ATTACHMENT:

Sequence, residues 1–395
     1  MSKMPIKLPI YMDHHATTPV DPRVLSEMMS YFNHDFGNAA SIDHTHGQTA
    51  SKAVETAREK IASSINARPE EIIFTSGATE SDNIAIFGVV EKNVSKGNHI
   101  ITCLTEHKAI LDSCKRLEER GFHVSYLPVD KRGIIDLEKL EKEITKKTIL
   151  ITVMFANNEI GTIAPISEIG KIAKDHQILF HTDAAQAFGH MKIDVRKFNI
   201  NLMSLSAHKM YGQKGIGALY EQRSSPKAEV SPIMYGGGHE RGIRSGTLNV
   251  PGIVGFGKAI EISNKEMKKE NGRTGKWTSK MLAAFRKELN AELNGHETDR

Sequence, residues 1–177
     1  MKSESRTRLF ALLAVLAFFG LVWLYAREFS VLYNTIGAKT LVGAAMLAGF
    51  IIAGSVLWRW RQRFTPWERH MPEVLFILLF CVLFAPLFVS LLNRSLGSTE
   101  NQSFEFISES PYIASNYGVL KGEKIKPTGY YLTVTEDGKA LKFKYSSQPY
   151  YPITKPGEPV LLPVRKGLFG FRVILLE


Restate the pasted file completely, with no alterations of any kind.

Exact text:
Sequence, residues 1–395
     1  MSKMPIKLPI YMDHHATTPV DPRVLSEMMS YFNHDFGNAA SIDHTHGQTA
    51  SKAVETAREK IASSINARPE EIIFTSGATE SDNIAIFGVV EKNVSKGNHI
   101  ITCLTEHKAI LDSCKRLEER GFHVSYLPVD KRGIIDLEKL EKEITKKTIL
   151  ITVMFANNEI GTIAPISEIG KIAKDHQILF HTDAAQAFGH MKIDVRKFNI
   201  NLMSLSAHKM YGQKGIGALY EQRSSPKAEV SPIMYGGGHE RGIRSGTLNV
   251  PGIVGFGKAI EISNKEMKKE NGRTGKWTSK MLAAFRKELN AELNGHETDR

Sequence, residues 1–177
     1  MKSESRTRLF ALLAVLAFFG LVWLYAREFS VLYNTIGAKT LVGAAMLAGF
    51  IIAGSVLWRW RQRFTPWERH MPEVLFILLF CVLFAPLFVS LLNRSLGSTE
   101  NQSFEFISES PYIASNYGVL KGEKIKPTGY YLTVTEDGKA LKFKYSSQPY
   151  YPITKPGEPV LLPVRKGLFG FRVILLE